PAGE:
Winter Care for Outside Pets

Winter Care for Outside Pets

Here in the Valley, temperatures may not drop as low as other parts of the country, but for some pets our weather can be challenging during winter months—sometimes even deadly. Here are some tips to keep your pet warm and safe during the winter months.


Cold weather can be harmful to your pet and worsen any conditions they may have. If you don’t regularly take your pet to the vet, now is a good time. Your vet can do a physical exam and make sure your pet is healthy enough to withstand the colder weather and give you an update on any conditions you may or may not know about. Freezing temperatures can worsen certain illnesses, such as arthritis, so it’s a good idea to be prepared for what your pet’s health may require.

Also, shortening daily walks and limiting exposure to low temperatures is a good idea during the coldest winter months.


Ideally, all pets should live inside. If your pets primarily live outdoors, bring them indoors during particularly cold temperatures. It's a common belief that dogs and cats are more resistant to cold weather than people because of their fur, but it's untrue. Like people, cats and dogs are susceptible to frostbite and hypothermia. Longer-haired and thick-coated dog breeds, such as huskies and other dogs bred for colder climates, are more tolerant of cold weather; but no pet should be left outside for long periods once temps reach freezing.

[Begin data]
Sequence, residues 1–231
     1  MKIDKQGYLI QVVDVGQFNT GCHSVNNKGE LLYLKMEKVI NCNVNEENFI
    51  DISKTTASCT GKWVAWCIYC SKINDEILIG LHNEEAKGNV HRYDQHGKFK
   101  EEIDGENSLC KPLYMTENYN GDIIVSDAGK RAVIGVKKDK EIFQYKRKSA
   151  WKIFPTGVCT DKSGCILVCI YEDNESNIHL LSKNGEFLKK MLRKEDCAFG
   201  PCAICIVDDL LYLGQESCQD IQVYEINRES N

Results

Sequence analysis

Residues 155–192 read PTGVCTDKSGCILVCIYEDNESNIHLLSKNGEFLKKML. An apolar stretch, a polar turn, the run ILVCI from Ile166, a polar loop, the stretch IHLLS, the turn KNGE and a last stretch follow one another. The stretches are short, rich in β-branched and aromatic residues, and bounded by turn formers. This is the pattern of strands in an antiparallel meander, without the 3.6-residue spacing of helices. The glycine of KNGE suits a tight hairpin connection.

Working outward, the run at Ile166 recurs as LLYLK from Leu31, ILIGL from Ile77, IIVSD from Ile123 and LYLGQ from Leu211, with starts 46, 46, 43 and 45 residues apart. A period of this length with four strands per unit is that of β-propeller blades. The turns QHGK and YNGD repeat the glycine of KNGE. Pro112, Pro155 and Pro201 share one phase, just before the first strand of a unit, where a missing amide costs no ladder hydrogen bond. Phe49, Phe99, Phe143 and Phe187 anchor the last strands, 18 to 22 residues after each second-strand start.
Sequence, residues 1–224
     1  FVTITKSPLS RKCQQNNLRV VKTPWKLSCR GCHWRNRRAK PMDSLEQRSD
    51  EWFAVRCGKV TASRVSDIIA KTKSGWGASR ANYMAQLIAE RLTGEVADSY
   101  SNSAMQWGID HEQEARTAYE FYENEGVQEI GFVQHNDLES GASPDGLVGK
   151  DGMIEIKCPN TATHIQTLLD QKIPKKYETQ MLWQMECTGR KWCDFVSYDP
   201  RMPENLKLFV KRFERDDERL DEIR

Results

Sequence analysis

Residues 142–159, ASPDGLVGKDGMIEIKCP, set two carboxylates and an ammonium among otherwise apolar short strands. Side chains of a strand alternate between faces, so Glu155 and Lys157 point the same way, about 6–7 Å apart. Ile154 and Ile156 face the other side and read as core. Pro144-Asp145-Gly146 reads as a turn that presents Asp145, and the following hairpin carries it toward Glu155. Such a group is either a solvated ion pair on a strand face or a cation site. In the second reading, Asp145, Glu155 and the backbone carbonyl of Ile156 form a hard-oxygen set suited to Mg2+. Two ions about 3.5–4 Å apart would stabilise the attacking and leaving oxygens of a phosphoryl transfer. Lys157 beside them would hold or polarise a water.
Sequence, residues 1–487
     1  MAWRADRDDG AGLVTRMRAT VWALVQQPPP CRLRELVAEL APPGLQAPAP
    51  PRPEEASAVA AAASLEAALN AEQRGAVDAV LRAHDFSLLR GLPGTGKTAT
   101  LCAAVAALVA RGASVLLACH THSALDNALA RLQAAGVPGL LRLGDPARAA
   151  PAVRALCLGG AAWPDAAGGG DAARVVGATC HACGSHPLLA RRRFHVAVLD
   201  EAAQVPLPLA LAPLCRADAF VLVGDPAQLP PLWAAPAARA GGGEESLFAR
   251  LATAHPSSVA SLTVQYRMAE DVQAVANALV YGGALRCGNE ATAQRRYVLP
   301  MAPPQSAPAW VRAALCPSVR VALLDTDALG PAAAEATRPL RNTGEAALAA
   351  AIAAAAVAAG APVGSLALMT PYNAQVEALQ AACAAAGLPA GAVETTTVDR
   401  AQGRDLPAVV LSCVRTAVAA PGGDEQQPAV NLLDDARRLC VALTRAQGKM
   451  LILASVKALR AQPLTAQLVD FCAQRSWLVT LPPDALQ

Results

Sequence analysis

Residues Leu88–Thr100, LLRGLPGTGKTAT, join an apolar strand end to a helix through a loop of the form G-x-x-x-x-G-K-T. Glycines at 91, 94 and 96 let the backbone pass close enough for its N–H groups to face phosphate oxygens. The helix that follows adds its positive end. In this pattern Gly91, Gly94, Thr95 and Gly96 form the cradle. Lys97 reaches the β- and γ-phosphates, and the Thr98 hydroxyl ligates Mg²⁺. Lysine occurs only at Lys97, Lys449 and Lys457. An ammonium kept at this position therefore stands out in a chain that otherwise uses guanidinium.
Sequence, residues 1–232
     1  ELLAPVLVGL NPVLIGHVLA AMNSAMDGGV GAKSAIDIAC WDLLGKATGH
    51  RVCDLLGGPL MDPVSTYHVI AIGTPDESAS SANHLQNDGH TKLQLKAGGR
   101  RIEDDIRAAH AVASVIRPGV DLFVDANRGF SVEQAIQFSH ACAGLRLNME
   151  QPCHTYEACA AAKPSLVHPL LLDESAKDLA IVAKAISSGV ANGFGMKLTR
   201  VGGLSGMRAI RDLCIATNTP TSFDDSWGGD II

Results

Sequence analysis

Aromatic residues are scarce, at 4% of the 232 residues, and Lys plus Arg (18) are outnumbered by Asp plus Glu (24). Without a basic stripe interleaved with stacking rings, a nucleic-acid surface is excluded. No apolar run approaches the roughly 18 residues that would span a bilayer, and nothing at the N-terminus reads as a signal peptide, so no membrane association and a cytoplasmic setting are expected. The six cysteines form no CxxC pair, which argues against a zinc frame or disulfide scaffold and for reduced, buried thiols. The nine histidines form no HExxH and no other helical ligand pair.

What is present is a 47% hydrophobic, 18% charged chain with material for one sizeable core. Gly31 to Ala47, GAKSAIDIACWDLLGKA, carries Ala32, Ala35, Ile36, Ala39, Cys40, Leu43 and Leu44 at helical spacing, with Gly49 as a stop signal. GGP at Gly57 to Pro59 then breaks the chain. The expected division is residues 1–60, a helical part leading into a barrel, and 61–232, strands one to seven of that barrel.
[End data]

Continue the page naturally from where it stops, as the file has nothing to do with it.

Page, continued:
Once nighttime temps dip below 40, your outdoor pets should have shelter. Provide them with a dry, draft-free shelter that is large enough to allow them to sit and lie down comfortably but small enough to conserve body heat. 

Providing cold weather shelter doesn't have to be hard. You can use a pre-manufactured pet house, a wooden box, a foam cooler (for cats), or even a cardboard box. Insulate all sides of the shelter with foam board, old blankets, or plastic, then line the bottom with an old sleeping bag, coats, fleece, or even cedar shavings, straw, or hay. Check the bedding daily—dirty and wet bedding can be fatal to a pet. Turn the shelter so it faces away from the wind, and cover the doorway with waterproof burlap or heavy plastic.

Try to place the shelter in a garage or covered porch, or beneath a carport, all of which can provide a few additional degrees of much-needed warmth. And be sure to raise the refuge a few inches off the ground to keep the cold from leeching up through the shelter's bottom while giving your furry friend a sense of security.


Make sure your pets have unlimited access to fresh, non-frozen water (by changing the water frequently or using a pet-safe, non-metal water bowl). Also, pets who spend a lot of time outside need more food to replace energy lost from trying to stay warm.

Finally, make sure your outdoor-only animals are the ones getting the food and water you put out, not your neighborhood raccoons, squirrels, foxes, or whatever wildlife happen to live in your area.

Fortunately, winter in our area doesn’t last too long, but it’s important we protect our pets during the season. Remember, if it’s too cold for us, it’s probably too cold for them!

Additional Tips for Cold-Weather Pet Safety

Tips for Caring for Outdoor or “Community” Cats in Winter